Thursday, February 25, 2010
Within the ranks of Germany’s Christian Democratic Union (CDU) party, there are growing calls for tougher sanctions to be taken against “repentant” tax evaders.
Saarland’s Prime Minister Peter Müller (CDU) has called for an end to the controversial provision, granting leniency to tax evaders who declare themselves voluntarily to the German tax authorities, calling for the “consistent” prosecution of tax evaders.
Referring to tax evasion as a “social parasitism,” Müller announced that tax evaders should no longer be allowed to go unpunished. According to Müller, anyone who has committed an injustice must be held accountable, irrespective of the nature of the crime, and indeed irrespective of whether or not the injustice is perpetrated by the rich or by the poor.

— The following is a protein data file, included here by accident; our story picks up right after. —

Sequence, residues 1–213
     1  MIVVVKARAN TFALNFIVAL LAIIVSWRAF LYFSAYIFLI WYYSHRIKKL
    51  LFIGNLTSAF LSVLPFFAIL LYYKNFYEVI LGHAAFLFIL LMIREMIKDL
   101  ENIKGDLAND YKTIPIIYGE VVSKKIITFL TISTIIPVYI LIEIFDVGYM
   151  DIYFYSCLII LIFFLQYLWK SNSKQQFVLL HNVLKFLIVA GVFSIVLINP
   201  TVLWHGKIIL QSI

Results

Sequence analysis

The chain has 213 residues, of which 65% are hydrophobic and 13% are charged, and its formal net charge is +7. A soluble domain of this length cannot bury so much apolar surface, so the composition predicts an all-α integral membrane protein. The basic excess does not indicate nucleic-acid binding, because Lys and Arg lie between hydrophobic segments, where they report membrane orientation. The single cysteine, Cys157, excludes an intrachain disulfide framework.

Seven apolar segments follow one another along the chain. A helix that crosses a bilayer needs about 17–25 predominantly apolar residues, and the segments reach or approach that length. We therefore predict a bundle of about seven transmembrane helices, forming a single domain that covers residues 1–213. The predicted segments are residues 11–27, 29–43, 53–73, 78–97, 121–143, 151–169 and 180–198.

Echoing Müller’s views, Baden-Württemberg’s Finance Minister Willi Stächele has urged the government to conduct a thorough review of the provision. Leader of the Social Democrats (SPD) Sigmar Gabriel has also demanded that the provision, granting leniency to tax criminals who declare themselves voluntarily, is abolished. According to Gabriel, tax evasion over and above a threshold of EUR500,000 should be considered a crime.
Under current law, tax evaders who provide a self-declaration to the German tax authorities are protected from criminal prosecution, provided that the authorities have not yet launched an investigation.
Despite increasing calls for its abolition, Germany’s Finance Minister Wolfgang Schäuble is standing firm, determined to maintain the controversial provision, which ultimately generates additional income for the state.